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Most of the time, restitution cannot be ordered for the victim if the case is dismissed or the defendant is found not guilty.
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The Court automatically issues a No Contact Order in cases involving Domestic Violence, Sexual Abuse, Stalking and Harassment. If you are the victim of some other type of crime the court cannot issue a No Contact Order. However, the Court can issue a Condition of Release, which states the defendant cannot have contact with you.
Victims can request to have a Civil Order of Protection put in place in situations in which there has been violence or the threat of violence in a domestic relationship or between adult family members that reside together. This can be done at the Civil Clerk of Court’s Office at the Linn County Courthouse.
No, only the victim is listed as the protected party in the No Contact Order in the criminal case. If you would like to include your children, you must file for a civil Order of Protection through the Linn County Civil Clerk of Court.
First, you must attend the Domestic Abuse meeting at the Linn County Attorney’s Office scheduled for you by law enforcement. If the charge is a simple misdemeanor, you will fill out a form explaining why you would like the No Contact Order canceled and then the attorney will take it to a judge to be approved. If the crime is a serious misdemeanor, aggravated misdemeanor or a felony, you will have to sign a form requesting a hearing to cancel the No Contact Order. You will then have to appear in court on the date of the hearing and the judge will rule if the No Contact Order can be lifted. These hearings are usually scheduled 2 to 3 weeks in the future.
Victims of Sexual Abuse can file for a Protection Order through the Linn County Clerk of Court.
Once charges have been filed by the Linn County Attorney’s Office, the State of Iowa is the one "pressing charges," not the victim. The resolution of the case is at the discretion of the attorney assigned to the case.
The process can vary greatly in length of time with the lesser offenses coming to a conclusion within 2 to 4 months and the more serious offenses can take as long as 2 to 3 years.
It is possible that no trial dates or sentencing dates have been scheduled, or we have not received your Victim Packet requesting to be a "registered victim." If you did not receive your Victim Packet or have moved since the case began, please contact the Victim/Witness Coordinator assigned to your case.
No. Please contact a Victim/Witness Coordinator to discuss the situation and provide your new contact information.
Unfortunately, a trial date being reset is a common occurrence in the criminal justice system and happens for many different reasons. Factors that can influence how quickly a case is resolved can be as simple as trying to coordinate the schedules of attorneys, witnesses and the Court. If you have questions about the specific case you are involved in please contact the Victim/Witness Coordinator assigned to your case.
A subpoena is a court order for a specific date and time that you are required to appear to give testimony regarding a case.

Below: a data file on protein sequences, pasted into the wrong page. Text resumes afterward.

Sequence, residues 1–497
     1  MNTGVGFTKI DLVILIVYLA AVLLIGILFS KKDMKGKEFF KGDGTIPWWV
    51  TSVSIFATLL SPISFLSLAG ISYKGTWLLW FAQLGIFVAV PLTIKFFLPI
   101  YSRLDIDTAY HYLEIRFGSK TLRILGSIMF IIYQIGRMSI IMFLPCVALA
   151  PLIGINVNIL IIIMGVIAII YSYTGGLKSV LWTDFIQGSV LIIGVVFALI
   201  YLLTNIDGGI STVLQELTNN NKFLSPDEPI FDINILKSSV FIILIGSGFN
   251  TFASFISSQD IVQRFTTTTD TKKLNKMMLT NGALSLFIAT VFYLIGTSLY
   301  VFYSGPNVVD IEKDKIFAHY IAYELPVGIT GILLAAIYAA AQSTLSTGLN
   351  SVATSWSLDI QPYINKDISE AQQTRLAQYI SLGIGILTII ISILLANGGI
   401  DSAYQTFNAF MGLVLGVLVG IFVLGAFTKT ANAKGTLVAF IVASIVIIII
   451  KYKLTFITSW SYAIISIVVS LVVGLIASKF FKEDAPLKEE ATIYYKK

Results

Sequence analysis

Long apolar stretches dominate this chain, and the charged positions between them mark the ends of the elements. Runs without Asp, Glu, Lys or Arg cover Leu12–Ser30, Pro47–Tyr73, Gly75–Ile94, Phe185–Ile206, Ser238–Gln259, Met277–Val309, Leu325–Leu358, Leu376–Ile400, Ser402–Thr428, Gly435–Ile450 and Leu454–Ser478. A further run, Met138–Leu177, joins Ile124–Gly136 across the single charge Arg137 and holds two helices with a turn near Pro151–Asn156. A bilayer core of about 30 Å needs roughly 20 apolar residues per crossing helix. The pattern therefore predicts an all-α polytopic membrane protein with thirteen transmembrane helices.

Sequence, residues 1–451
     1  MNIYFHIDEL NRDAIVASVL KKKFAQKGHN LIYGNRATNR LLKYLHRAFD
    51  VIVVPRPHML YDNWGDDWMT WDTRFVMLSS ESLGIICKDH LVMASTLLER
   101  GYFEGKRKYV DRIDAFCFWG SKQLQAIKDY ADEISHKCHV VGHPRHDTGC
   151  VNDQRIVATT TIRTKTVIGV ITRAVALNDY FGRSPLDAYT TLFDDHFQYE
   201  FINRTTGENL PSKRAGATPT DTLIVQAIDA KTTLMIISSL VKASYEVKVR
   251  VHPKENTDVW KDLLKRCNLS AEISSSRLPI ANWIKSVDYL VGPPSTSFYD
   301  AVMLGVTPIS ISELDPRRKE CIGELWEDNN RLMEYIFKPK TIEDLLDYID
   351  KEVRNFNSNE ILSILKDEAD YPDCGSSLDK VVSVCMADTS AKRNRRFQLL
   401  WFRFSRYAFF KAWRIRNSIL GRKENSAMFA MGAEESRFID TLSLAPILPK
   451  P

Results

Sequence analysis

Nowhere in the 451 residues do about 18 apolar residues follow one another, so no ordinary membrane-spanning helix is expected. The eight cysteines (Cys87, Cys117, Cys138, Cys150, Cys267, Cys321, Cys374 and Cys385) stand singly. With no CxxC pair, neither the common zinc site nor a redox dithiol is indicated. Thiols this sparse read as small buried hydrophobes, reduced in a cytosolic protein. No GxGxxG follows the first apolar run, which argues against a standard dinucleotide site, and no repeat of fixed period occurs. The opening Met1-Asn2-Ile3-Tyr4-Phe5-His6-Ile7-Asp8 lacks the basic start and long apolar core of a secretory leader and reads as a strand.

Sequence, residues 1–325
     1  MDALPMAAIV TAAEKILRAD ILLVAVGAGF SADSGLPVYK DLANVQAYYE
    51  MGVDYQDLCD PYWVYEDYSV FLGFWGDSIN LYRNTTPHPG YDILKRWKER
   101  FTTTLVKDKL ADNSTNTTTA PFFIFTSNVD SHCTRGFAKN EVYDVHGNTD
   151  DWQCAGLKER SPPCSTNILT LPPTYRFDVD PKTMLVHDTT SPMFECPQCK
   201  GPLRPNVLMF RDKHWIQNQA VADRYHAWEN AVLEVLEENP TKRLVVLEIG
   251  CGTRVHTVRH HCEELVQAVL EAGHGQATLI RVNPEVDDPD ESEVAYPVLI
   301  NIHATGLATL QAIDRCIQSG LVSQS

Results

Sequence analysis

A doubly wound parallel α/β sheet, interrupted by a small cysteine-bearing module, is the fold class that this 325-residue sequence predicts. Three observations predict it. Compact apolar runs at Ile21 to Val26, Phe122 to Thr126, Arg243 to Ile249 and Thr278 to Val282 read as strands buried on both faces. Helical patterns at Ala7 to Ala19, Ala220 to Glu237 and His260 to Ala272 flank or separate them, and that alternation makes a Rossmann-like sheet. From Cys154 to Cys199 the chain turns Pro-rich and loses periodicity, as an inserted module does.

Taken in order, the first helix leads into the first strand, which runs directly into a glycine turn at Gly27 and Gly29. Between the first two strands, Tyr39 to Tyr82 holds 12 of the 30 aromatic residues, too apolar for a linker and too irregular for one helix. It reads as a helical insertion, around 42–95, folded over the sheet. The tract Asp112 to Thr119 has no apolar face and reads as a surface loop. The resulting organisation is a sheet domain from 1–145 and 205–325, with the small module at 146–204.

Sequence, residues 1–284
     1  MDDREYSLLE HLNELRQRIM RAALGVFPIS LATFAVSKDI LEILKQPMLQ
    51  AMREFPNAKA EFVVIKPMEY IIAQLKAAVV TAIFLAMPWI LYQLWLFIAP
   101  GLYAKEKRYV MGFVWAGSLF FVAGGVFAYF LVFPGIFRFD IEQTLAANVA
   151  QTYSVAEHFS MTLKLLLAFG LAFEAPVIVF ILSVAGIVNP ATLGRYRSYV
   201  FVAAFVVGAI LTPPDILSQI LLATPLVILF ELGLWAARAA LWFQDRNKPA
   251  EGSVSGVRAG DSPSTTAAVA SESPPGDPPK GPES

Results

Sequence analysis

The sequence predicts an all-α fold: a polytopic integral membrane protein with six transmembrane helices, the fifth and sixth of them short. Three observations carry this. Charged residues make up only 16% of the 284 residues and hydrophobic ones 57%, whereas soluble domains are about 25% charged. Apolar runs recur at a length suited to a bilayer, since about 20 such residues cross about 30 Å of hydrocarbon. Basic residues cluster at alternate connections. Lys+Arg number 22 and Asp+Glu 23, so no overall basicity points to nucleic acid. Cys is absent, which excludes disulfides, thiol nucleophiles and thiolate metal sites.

Talk with your employer and show him/her your subpoena. Employers are required to give you time to honor your subpoena by appearing in court, however they are not required to pay you for the time you miss work. If you do not appear, you may be subject to contempt proceedings.
A deposition is an opportunity for the defense attorney to ask questions of all of the witnesses involved in a case in order to prepare for trial. All depositions are taken under oath, normally in a conference room and with a county attorney present. There is no Judge or jury present for depositions.
This depends greatly on what the defendant is charged with but in general, you can claim losses directly related to the crime committed. In addition, if you have filed an insurance claim, please include that information on your Victim Restitution Form along with your deductible amount. If you have any questions about restitution please contact the Victim/Witness Coordinator assigned to the case.
No. In a criminal case a victim is not entitled to receive a monetary amount for pain and suffering. Only out-of-pocket expenses can be reimbursed.
At the sentencing hearing, victims have the right to make a Victim Impact Statement to the Judge. The statement should be written out and either read by the victim or the Victim/Witness Coordinator. It should include how this crime has affected your life and what changes you have had to make. It should also include what you feel is an appropriate punishment for the defendant. The Victim/Witness Coordinator assigned to your case can help you prepare your Victim Impact Statement.
Once the defendant has been sentenced and ordered to pay restitution, they will be required to make monthly payments to the Clerk of Court. The Clerk of Court will then mail the check to you, the victim. If your address changes you will need to contact the Victim/Witness Coordinator to inform them of your new contact information.
If the defendant has missed three consecutive payments, they may be subject to a contempt proceeding. You can contact the Victim/Witness Coordinator assigned to the case to inform us you have not received restitution.